Letters from the Lunar Outpost

Then rose the seed of Chaos, and of Night, To blot out order and extinguish light.
- Pope, English Poet, Critic, and Translator (1688-1744)

Most people understand the simple fact that when fraudulent votes are cast in an election, it’s the law abiding citizen who ends up having their vote nullified. Because of this, many states are enacting voter ID laws to ensure that every legal vote counts, but it seems some would complain that these protections for the legal voters in America go too far.

For instance, we hear a lot of crying about laws requiring people to register before the election, so that there can be an official list of registered voters on the day of the election. Some would argue that not allowing registration on the day of the election creates an undue burden that could possibly “disenfranchise” some would be voters. College students are especially notorious for being overheard saying things such as, “Dude, you mean the election’s today? I haven’t even registered yet!”

Now think of all those poor would be voters, locked out of the democratic process and unable to “rock the vote” simply because they were hitting the bong, er – I mean, hitting the books too hard and never thought to stop at the registration booth they passed every day on their way to class or take five minutes at the other registration booth they passed every night in front of the grocery store as they were making those beer runs.

Well you know what? If expecting voters to register ahead of the election is an undue burden, then why should we stop there? Imagine the plight of people such as our friend Billy Redstate, who lives in a ranch house in Welcome, Montana, where his nearest neighbor is 5 miles away and his nearest polling place is 50 miles away.

Rural Montana Home

The photo above shows Billy’s home in the golden summer sunshine. I would have shared a photo of Billy’s home around election time in November, but by then, it’s often hard to make out that there even is a house underneath all that snow.

Now think of the undue burden our process places on Billy and the couple thousand other would be voters scattered miles and miles around the polling place for their district, not to mention all the men and women serving in the military overseas. Just as sure as it’s an unreasonable burdon to imagine college students having to think ahead and register before the election, can we really expect Billy and his couple thousand neighbors to send in their absentee ballots ahead of the election as well? Because if they wake up on election day and they haven’t sent that absentee ballot in, for many, that’s a two or three day journey just to get to the polling place and they’re out of luck.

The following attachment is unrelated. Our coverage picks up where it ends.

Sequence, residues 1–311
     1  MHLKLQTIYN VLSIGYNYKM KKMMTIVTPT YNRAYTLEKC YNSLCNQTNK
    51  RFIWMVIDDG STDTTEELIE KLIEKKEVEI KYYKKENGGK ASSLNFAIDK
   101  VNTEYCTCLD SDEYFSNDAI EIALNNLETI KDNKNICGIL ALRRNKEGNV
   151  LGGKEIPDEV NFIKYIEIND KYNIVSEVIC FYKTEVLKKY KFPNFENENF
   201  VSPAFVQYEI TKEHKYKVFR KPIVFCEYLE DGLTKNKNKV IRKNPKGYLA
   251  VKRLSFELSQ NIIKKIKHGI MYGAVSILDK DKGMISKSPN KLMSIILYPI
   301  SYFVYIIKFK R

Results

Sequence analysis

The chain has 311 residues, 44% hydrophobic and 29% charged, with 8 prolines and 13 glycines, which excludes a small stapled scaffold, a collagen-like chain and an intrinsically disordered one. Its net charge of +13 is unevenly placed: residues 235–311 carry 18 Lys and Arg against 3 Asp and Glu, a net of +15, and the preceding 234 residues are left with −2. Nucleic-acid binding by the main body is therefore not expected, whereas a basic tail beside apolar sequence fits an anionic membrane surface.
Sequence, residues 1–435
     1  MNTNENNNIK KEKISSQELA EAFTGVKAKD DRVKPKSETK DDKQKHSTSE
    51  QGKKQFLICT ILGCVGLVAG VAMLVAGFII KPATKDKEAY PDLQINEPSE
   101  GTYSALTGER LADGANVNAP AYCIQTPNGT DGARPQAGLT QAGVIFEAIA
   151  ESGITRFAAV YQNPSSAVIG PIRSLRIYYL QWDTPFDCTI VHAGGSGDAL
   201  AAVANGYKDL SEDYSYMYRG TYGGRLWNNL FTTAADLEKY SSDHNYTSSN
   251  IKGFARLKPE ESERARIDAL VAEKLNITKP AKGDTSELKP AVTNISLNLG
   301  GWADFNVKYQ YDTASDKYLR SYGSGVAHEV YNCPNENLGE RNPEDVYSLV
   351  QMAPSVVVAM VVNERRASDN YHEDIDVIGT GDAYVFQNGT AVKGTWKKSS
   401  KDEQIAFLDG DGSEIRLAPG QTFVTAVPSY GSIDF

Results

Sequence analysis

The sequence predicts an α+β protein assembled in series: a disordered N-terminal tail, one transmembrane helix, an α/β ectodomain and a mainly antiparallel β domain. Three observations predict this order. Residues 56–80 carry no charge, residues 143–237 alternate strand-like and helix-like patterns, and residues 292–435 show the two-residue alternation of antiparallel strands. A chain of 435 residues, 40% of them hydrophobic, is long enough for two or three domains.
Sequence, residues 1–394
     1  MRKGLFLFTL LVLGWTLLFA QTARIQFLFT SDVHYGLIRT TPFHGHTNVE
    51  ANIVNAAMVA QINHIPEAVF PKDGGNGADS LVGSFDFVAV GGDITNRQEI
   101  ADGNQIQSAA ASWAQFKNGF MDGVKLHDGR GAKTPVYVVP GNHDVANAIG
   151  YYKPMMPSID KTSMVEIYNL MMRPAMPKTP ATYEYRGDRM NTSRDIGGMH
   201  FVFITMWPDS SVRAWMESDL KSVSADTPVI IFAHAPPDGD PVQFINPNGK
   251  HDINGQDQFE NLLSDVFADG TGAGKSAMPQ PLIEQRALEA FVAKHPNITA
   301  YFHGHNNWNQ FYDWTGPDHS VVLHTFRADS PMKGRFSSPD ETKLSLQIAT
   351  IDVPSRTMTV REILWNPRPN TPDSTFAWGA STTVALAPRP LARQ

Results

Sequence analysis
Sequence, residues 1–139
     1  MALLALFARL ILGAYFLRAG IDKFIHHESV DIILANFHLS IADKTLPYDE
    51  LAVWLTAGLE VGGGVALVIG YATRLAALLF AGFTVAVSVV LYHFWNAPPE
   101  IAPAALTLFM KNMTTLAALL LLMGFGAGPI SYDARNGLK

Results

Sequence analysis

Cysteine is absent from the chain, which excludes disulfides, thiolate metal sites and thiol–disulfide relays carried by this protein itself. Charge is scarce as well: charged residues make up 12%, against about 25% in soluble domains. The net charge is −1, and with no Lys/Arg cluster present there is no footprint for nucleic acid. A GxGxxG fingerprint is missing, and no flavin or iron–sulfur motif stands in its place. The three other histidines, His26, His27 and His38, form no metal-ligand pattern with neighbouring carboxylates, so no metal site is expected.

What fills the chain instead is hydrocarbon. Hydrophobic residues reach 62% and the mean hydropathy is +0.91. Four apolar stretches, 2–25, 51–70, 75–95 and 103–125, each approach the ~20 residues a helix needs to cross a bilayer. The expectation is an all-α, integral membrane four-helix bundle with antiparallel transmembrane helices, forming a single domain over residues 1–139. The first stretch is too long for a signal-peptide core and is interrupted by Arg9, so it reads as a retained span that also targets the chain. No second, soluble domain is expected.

And if we’re completely honest and truthful about it, should we really expect any American to have to travel farther than the distance from their couch to the front door just to cast a vote?

Taxpayer-funded all-terrain mobile polling places driving door to door, enough of them to make a stop at every address in America – it’s the only way we can ensure that undue burdens do not disenfranchise voters.

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4 Responses to Undue Burdens that Disenfranchise Voters

  • You should go further though and that’s reverse the practice of disenfranchising felons after they have paid their debt to society.

    • BOB, you’re ruining my satire, man! Nah, I enjoy the debate with you and there is a good argument to be made that if you’ve done your time, you’ve paid your debt. Most ex-cons probably trend pretty strongly Dem, but even still, you will hear quite a few conservatives (more on the libertarian side) say, their debt’s paid so let ’em vote. I’d probably have to land on that side of it.

      By the way, just to go non-political for a bit, check out The Pool up on the very top menu if you get a chance and let me know what you think.

    • It is a priviledge to be able to vote. Personally I do the early walk in voting so I can watch the election results as they come in.

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